Alphabet net looks for next 'Modern Family'-like sensation
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In “No Ordinary Family,” Michael Chiklis and Julie Benz star as Jim and Stephanie Powell, parents of a typically dysfunctional family who attempt to reconnect during a trip to Brazil and, after surviving a plane crash in a phosphorescent rain-forest river, discover they each have unique superpowers. So, is it a family show or an action show? “We’re finding that balance as we go,” Chiklis admits. “The feeling is, it’s a family show at its core. The superhero element is definitely huge part of the show. Who gets to go to work and jump off bridges? That’s really a fun vehicle for telling these stories.” Chiklis is particularly stoked that creators Greg Berlanti (“Everwood,” “Brothers and Sisters”) and Jon Harmon Feldman (“Dirty Sexy Money”) have given Jim’s 16-year-old daughter (Kay Panabaker) the ability to read minds — including her parents’. “That’s just got comedy written all over it,” Chiklis says. “That makes for both funny and dramatic stuff when you hear people’s thoughts. The superpower aspect helps magnify our ability to tell stories about the upside and downside of family issues in a unique way.” NEW FOR ’10 “Better With You”
“Modern Family 2.0?” In this sitcom from Shana Goldberg-Meehan (“Friends,” “Joey”) about an extended family, Kurt Fuller and Debra Jo Rupp play long-married, bored parents of daughters portrayed by JoAnna Garcia and Jennifer Finnigan. When Garcia’s character announces her impetuous decision to marry, paroxysms of doubt crop up in Finnigan’s character’s relationship, which has been heretofore steady yet free of wedding rings. Jake Lacy and Josh Cooke co-star.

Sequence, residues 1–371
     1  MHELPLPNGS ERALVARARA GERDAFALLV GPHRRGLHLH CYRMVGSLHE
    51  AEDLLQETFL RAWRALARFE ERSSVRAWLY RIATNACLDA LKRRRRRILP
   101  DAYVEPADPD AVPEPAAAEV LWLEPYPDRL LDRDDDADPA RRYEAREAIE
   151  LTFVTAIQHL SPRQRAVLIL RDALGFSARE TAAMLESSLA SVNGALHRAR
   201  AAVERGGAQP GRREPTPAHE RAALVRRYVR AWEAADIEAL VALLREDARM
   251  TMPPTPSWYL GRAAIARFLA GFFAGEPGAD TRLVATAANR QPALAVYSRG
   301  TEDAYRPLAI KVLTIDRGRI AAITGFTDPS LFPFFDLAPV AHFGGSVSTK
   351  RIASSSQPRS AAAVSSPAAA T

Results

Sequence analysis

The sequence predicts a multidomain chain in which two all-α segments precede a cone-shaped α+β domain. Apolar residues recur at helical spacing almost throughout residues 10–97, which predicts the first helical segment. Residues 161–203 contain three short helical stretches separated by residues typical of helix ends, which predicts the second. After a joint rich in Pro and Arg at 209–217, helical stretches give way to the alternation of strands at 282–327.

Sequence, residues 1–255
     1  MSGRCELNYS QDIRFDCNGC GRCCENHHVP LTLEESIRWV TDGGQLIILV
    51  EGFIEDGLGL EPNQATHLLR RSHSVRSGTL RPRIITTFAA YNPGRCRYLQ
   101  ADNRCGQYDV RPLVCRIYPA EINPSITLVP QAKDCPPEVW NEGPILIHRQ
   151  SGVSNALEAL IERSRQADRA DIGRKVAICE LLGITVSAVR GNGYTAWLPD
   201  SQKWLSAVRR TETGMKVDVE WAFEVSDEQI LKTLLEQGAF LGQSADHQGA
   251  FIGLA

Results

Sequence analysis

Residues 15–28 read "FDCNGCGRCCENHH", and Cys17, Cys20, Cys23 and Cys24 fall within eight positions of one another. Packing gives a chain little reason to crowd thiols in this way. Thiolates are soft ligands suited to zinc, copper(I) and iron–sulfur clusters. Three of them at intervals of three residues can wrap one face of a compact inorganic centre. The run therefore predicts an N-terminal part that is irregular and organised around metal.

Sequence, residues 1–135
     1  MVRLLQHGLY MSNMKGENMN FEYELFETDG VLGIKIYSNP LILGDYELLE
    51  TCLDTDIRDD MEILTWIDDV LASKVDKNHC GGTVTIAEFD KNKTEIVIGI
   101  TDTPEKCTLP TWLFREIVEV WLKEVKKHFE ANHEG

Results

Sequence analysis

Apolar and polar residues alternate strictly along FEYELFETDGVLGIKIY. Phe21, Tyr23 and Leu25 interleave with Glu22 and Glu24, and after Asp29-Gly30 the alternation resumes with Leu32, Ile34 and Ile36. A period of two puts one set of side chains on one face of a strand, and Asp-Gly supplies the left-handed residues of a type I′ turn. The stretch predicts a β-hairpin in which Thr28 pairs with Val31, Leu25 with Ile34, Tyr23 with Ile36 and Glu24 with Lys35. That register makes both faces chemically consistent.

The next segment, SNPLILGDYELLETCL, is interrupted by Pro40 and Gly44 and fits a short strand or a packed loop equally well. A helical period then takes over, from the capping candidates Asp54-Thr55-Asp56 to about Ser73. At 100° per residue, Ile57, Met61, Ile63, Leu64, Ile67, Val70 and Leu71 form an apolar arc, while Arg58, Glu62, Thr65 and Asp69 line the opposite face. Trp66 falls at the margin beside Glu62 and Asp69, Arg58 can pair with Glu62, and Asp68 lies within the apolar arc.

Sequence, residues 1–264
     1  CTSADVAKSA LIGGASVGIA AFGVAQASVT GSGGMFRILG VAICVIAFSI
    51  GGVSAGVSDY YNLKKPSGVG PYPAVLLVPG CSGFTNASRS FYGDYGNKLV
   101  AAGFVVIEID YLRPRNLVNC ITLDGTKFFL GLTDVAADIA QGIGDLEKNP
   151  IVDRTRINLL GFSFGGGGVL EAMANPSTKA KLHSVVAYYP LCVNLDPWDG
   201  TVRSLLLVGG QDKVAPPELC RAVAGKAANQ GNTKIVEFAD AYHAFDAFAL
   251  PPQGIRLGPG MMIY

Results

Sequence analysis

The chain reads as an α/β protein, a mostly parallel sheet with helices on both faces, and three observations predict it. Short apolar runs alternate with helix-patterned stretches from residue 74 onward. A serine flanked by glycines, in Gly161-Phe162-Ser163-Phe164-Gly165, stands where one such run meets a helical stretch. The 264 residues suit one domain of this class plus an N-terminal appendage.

“Body of Proof”
Dana Delany stars as a former brilliant neurosurgeon whose loss of her acute motor skills (but not of her terrific gams and her self-satisfied snarkiness) forces her to become a coroner who can practically solve murders by herself. John Carroll Lynch (“Fargo”) and Sonja Sohn (“The Wire”) co-star. Chris Murphy and Matthew Gross are executive producers.
This gritty police procedural was initially envisioned as a “COPS”-inspired mockumentary featuring Michael Imperioli (“The Sopranos”) as a bad-ass homicide detective, until the city of Detroit banned camera crews from covering cops’ daily routines. Showrunners Jason Richman and David Zabel retooled the series, but it still features plenty of jittery, doc-style camerawork.
Warren Littlefield is among the producers of this faux doc about nine graduates from an Austin, Texas, high school and how their lives have drastically changed in the past 10 years. With the 2000 presidential election, 9/11 and Enron as plot points, it’s the rare show that almost dares to be vaguely political.
“The Whole Truth”
This Jerry Bruckheimer production stars Rob Morrow as cocky defense attorney Jimmy Brogan and Maura Tierney as crusading prosecutor Kathryn Peale. They dated in the past, but now find themselves squaring off against one another in criminal trials; each episode will reveal who was actually fighting on the right side.
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